As the world celebrates Earth Day on April 22, SolarKal helps U.S. organizations mitigate the environmental impact of traditional power sources by transitioning to green energy.
Empowering clients to do more with solar energy
Faced with the growing knowledge of the harm caused by burning fossil, countries around the world are transitioning to renewable and sustainable energy sources.
New York-based SolarKal aims to make solar energy accessible to every organization in the U.S. by offering tailor-made solar energy solutions and providing them with access to their marketplace of over 150 pre-vetted solar partners. Their competitive bidding process results in a more transparent, lucrative solution for the client while alleviating internal resources.
The company was founded in 2015 by Yaniv Kalish, who has years of engineering and finance experience in the solar industry. While working for a commercial renewable energy company Yaniv noticed a lack of transparency provided to clients by solar installers and believed this prevented many organizations from taking full advantage of the benefits solar energy provides.
He founded SolarKal to solve this problem and accelerate the expansion of solar energy. By connecting organizations with solar providers best suited for their needs by way of a bidding process, Yaniv was not only able to alleviate worry for clients but also save them money and time. Yaniv was joined in 2016 by Neil Sharma, who as co-founder and COO brought with him two decades of experience spanning corporate finance, venture capital, sales and marketing, technology product management, and national and international expansion.
“As of 2020, SolarKal advised on over $175 million in deals transacted in the marketplace across 15 states,” said Kelly Fay, the company’s director of marketing.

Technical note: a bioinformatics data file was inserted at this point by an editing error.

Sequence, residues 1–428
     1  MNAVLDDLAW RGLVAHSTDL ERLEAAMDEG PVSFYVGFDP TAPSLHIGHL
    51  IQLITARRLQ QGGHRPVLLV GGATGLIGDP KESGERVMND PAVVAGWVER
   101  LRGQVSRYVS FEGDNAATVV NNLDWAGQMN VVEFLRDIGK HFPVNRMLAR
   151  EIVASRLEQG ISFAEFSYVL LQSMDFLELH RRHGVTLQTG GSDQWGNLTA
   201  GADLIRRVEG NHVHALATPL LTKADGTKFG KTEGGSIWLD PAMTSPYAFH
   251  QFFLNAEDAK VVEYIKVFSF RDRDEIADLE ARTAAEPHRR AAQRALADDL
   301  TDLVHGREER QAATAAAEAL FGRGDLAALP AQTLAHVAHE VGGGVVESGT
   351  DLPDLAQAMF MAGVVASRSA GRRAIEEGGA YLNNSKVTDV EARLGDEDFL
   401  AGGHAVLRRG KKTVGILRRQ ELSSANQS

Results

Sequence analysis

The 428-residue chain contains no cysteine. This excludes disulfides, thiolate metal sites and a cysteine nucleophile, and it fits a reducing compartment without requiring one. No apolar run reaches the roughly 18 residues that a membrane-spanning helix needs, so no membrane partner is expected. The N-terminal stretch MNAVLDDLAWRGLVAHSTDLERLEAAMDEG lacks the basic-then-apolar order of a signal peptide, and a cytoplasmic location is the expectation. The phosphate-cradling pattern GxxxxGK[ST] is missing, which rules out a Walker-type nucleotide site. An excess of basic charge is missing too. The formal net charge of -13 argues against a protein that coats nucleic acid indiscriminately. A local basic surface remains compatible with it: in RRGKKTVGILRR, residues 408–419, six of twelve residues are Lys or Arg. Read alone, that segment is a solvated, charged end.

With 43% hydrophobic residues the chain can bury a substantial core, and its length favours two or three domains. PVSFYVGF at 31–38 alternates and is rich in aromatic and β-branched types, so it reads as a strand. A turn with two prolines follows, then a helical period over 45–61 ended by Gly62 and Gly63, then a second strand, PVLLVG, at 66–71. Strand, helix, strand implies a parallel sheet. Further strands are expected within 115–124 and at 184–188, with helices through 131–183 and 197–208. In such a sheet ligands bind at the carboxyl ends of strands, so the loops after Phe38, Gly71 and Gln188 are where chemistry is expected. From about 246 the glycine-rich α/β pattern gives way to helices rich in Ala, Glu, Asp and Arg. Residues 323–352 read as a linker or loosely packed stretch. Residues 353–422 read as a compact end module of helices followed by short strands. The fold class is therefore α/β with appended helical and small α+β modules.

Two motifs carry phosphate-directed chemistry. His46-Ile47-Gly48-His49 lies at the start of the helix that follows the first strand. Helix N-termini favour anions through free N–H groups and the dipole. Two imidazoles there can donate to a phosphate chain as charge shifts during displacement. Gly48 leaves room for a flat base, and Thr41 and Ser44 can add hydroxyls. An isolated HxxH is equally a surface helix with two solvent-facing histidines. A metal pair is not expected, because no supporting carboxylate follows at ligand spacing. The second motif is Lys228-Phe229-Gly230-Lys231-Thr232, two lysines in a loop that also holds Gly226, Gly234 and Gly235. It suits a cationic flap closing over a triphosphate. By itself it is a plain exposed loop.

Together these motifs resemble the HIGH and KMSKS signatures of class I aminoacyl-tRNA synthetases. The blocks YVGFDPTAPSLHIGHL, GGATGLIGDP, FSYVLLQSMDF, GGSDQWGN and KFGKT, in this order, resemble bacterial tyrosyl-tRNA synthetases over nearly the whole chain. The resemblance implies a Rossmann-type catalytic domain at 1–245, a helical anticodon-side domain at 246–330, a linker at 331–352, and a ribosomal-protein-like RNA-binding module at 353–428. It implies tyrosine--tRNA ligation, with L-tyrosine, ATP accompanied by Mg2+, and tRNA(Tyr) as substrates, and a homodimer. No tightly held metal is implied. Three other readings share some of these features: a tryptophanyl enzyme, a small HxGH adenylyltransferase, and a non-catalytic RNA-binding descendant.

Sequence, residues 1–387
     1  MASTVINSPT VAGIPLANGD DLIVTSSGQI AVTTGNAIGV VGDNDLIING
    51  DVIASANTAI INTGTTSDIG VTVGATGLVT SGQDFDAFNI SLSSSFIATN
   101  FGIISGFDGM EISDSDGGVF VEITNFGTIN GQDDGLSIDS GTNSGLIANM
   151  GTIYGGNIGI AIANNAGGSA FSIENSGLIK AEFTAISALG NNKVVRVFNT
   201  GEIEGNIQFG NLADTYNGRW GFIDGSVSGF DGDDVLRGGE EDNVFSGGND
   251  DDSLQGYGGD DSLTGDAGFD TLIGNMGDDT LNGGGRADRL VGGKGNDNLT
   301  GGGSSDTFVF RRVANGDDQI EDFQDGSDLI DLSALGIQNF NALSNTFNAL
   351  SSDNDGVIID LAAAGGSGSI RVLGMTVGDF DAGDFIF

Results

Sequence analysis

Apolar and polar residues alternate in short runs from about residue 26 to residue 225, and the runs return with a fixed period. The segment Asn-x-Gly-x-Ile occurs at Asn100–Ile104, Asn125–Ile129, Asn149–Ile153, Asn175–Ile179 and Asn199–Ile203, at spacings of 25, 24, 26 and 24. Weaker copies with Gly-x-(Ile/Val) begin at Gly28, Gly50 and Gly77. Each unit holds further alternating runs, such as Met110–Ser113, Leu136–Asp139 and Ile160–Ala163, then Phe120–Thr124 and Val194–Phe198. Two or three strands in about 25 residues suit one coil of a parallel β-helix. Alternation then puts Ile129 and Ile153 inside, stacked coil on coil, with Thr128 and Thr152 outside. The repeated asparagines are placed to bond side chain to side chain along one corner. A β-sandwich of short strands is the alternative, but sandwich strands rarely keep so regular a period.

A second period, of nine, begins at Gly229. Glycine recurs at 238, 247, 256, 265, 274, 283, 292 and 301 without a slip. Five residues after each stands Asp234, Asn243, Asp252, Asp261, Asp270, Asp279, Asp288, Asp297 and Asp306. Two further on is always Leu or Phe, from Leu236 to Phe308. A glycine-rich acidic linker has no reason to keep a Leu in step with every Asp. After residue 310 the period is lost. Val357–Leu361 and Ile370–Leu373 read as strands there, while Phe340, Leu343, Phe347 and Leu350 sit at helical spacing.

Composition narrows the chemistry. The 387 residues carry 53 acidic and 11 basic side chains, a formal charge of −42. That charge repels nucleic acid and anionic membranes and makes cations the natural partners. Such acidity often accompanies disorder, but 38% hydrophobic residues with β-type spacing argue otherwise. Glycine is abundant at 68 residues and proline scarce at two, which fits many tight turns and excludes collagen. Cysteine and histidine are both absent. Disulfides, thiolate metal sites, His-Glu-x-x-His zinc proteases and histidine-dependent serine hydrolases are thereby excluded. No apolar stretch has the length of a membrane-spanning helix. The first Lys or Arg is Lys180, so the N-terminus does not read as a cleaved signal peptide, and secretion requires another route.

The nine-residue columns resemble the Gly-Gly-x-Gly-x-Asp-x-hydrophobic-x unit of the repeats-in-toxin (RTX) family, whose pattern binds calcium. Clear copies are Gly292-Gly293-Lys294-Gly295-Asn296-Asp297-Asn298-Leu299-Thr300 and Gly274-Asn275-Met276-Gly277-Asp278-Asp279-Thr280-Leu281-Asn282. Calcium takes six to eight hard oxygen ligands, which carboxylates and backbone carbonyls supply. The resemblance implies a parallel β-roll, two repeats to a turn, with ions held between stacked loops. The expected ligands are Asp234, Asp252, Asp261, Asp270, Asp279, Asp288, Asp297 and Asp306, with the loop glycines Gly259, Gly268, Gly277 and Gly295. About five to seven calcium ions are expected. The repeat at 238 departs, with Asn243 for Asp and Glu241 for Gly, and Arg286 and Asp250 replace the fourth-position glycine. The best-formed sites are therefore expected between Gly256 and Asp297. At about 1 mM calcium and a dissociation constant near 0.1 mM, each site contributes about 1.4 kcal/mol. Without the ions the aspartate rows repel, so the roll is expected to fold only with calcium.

By 2050, it’s expected that wind and solar will produce half of the world’s electricity.
In the last decade, the U.S. solar energy market grew by an average 42% annually, according to the Solar Energy Industries Association. Thanks to strong federal policies, rapidly declining costs and increasing demand for clean electricity, there is now enough solar capacity nationwide to power nearly 18 million homes. Installation costs have dropped by more than 70% over the last decade.
As of 2019, nearly 250,000 Americans work in solar, and the industry generated $18.7 billion of investment in the U.S. economy.
“The renewable energy industry experienced record growth in 2020 despite the negative impacts of Covid-19,” Kelly said.
In the past year, she said, SolarKal mindfully navigated maintaining a robust sales pipeline while being sensitive to the fact that organizations were facing critical decisions and solar energy may not have been a priority.
Small business challenges
As a small business in a growth phase, SolarKal faces its own challenges. “It requires an acute level of prioritization and a distinct comfort with failing every so often,” Kelly said. “In order to sustain momentum and try different tactics to test our business development strategies, we must go deep and pivot quickly if things are not working.”
The payment process is always an issue for small businesses and SolarKal was one of Melio's earliest customers. “Melio’s product and interface have really streamlined all of SolarKal's payment needs, both outgoing payments to vendors, as well as incoming payments from clients,” said Neil. “And their customer service has maintained its personal touch, despite exponential growth as a company.”
SolarKal’s biggest challenge is deciding where to expand next geographically and how that would impact their team. The company would like to help as many organizations as possible without compromising its thoughtful approach to client advisory services.
It’s not just organizations jumping on the renewable energy bandwagon, as individuals also realize that the benefits of transitioning to solar go beyond the fact that it’s pollution-free, Kelly said. Solar energy offers a reliable revenue stream amid financially difficult times while also demonstrating concern and positive action for the future health of the planet.
“With the new presidential administration only further supporting this new wave of interest, we do not foresee any slowdown in years to come,” she said.